In order to provide scalability, Kudu tables are partitioned into units called tablets, and distributed across many tablet servers. A row always belongs to a single tablet. The method of assigning rows to tablets is determined by the partitioning of the table, which is set during table creation.
Choosing a partitioning strategy requires understanding the data model and the expected workload of a table. For write-heavy workloads, it is important to design the partitioning such that writes are spread across tablets in order to avoid overloading a single tablet. For workloads involving many short scans, where the overhead of contacting remote servers dominates, performance can be improved if all of the data for the scan is located on the same tablet. Understanding these fundamental trade-offs is central to designing an effective partition schema.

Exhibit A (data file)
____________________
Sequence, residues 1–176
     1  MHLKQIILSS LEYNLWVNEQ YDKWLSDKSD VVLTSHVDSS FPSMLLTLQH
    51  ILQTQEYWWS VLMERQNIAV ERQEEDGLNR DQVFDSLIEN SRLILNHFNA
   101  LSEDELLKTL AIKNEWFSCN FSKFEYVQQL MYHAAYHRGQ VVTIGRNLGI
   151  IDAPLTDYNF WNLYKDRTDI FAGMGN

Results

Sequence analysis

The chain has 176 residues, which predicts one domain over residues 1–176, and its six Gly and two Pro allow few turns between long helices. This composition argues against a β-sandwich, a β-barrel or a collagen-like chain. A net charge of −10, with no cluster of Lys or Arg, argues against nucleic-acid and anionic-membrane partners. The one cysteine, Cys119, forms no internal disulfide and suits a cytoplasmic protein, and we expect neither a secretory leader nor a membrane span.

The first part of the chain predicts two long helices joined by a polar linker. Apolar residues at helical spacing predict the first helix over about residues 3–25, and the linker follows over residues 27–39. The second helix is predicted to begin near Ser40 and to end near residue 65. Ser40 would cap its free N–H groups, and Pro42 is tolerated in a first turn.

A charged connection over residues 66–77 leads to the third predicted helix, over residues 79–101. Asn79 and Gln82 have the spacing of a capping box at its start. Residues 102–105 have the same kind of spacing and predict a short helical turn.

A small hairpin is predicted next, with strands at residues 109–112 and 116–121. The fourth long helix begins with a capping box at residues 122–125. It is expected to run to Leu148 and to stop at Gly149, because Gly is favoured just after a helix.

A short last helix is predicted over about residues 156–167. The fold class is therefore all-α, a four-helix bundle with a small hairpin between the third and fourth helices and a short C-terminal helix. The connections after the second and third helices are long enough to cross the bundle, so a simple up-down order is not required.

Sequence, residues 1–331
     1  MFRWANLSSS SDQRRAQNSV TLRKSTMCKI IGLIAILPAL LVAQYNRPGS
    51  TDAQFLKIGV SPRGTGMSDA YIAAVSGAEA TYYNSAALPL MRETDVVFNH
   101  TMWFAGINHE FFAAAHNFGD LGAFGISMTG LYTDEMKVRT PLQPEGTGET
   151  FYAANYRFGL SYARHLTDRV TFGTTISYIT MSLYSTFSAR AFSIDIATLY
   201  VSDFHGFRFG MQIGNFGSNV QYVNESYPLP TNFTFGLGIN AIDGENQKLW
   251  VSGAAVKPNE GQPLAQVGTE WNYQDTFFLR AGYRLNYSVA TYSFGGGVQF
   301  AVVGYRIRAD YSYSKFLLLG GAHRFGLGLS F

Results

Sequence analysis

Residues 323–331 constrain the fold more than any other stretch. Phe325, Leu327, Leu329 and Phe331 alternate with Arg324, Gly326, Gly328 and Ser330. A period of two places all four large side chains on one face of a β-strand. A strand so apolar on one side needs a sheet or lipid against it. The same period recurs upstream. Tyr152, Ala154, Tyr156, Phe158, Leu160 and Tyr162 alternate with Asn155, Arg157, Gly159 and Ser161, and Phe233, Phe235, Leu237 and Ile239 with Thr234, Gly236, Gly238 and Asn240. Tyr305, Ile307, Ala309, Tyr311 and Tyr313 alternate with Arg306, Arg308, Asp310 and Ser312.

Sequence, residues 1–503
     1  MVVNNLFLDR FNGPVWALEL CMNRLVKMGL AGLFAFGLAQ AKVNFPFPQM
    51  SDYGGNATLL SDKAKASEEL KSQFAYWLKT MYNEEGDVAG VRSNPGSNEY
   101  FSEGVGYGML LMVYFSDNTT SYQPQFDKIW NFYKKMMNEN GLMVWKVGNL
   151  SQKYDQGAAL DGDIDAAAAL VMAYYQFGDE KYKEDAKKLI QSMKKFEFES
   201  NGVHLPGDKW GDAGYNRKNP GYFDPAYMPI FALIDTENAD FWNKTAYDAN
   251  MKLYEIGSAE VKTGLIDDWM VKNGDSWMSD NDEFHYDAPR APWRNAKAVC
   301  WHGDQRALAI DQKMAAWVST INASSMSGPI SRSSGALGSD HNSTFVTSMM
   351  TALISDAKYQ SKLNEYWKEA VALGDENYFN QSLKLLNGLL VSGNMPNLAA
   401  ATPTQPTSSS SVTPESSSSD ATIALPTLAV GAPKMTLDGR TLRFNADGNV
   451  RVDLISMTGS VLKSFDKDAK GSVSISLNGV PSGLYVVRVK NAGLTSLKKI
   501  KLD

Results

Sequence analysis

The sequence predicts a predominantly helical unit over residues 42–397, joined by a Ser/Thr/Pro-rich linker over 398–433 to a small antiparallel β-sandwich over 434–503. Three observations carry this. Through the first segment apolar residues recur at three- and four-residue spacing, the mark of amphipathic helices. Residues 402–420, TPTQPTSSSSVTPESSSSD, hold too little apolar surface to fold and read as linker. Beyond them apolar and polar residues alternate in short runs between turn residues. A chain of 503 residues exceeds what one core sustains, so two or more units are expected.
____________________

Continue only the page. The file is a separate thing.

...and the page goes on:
Kudu provides two types of partitioning: range partitioning and hash partitioning. Tables may also have multilevel partitioning, which combines range and hash partitioning, or multiple instances of hash partitioning.